climate change globalisation social justice

EU emissions – decoupling or outsourcing?

Over the couple of decades, the EU’s carbon emissions have fallen, with some countries reporting fairly significant declines. This is what was hoped for, and indeed promised, through the Kyoto Agreement. As the world meets again to try to come to a new international climate agreement, the EU will be keen to champion its successes.

But there is a problem here. The 90s and 00s were also the decades of globalisation, when industry moved South to take advantage of lower wages. The heaviest and most polluting industries were particularly likely to move, escaping tightening pollution regulations.

Much of what Europe consumes has been produced overseas, and thus the carbon emissions have occurred elsewhere. But they are ultimately EU emissions, as we are responsible for them. So what happens if you factor in the ‘embedded’ emissions of goods imported into EU? (And to be fair, remove the embedded emissions of things exported).


As this graph from the Footprint Network shows, once embedded emissions are included, the EU’s emissions have been rising, not falling. They dropped with the recession, and then starting rising again. As they point out, those countries that look at first glance to have the lowest emissions – like Sweden or Switzerland – are quite likely to have high embedded emissions.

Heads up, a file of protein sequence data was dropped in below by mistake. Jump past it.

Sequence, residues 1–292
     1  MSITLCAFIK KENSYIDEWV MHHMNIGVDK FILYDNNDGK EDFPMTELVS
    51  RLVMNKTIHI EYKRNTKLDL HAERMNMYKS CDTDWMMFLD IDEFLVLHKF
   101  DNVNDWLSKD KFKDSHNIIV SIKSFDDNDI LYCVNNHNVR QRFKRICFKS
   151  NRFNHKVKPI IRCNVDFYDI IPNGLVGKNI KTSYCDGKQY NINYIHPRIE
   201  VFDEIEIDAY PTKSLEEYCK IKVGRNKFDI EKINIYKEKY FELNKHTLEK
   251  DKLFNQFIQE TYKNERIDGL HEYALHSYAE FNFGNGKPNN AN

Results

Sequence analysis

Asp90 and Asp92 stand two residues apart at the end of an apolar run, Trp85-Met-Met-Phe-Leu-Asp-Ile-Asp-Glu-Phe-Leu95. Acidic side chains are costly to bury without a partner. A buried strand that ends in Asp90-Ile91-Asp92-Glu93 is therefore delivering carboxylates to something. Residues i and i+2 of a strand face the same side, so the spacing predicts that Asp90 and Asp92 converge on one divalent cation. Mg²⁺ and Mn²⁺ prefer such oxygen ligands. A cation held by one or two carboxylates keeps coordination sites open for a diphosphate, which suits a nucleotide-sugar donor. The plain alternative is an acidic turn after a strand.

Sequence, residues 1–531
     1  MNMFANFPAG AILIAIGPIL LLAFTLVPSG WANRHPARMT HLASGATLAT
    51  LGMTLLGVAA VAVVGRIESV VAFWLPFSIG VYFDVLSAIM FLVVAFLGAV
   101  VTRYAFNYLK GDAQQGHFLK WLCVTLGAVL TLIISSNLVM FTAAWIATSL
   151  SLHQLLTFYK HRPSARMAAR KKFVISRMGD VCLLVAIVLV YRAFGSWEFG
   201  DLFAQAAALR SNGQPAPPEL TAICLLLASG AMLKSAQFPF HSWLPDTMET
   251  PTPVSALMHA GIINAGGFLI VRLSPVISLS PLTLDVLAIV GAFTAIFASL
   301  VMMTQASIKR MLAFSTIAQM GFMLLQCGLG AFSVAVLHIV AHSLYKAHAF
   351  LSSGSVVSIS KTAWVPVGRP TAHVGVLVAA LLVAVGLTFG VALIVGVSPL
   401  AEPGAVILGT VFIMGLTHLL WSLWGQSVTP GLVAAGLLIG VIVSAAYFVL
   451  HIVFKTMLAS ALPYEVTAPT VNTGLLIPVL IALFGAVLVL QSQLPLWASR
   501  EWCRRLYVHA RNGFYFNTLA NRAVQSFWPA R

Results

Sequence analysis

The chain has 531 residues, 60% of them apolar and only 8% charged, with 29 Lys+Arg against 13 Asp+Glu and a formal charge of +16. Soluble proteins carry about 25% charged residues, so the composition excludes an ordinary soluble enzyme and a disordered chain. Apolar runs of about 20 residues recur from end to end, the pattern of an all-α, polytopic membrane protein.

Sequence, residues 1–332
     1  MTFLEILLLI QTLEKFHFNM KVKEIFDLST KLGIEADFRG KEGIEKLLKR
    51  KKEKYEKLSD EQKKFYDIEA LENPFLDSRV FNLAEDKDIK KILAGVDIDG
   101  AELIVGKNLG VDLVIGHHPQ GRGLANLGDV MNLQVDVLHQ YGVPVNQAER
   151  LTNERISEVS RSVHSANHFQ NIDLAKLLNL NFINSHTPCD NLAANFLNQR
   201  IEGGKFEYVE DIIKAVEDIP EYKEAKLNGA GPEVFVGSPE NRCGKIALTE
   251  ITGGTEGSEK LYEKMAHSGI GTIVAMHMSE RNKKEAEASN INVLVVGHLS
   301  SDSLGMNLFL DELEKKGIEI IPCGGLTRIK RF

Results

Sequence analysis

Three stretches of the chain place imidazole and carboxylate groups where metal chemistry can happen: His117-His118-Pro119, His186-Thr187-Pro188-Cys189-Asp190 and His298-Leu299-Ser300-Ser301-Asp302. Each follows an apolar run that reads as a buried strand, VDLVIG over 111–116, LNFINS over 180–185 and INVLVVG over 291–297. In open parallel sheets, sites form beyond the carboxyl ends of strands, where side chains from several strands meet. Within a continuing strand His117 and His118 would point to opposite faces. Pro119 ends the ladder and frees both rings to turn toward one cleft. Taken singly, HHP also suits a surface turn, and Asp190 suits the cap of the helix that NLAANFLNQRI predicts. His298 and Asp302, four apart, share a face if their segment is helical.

You can probably guess where production is outsourced to, but previous research by the Carnegie Institution has mapped emissions from net exporters to net importers.

emissions imports

In a globalised world, we need to ensure that international agreements understand emissions in their global context, and include embedded emissions in their accounting. Without the full picture, developed countries with service-based economies can simply launder their emissions through developing countries.


  1. Thanks for this post, it’s something I’ve often wondered about. I was sure that including embedded emissions would show our total emissions to be rising, not falling. But it was just an assumption, I didn’t have the data. So thanks for posting this graph.

    I think it’s ridiculous that embedded emissions aren’t counted in national climate mitigation stats. It means European governments can pat themselves on the back and then turn around and reprimand places like China for having high emissions – when they’re making our stuff! To be honest, it seems too stupid to be an honest mistake. Call me cynical, but it seems like Western governments just want to carry on with the neo-colonial trend of blaming developing countries for environmental problems they aren’t responsible for.

    Climate change is a global problem, and needs to be managed globally. The UN does seem to get that to an extent, with all our international summits and hoped-for international agreements. But there needs to be something in place to stop us just moving emissions around the globe and not actually reducing them on the whole. Hopefully this will be taken into account in New York next week and in Paris 2015.

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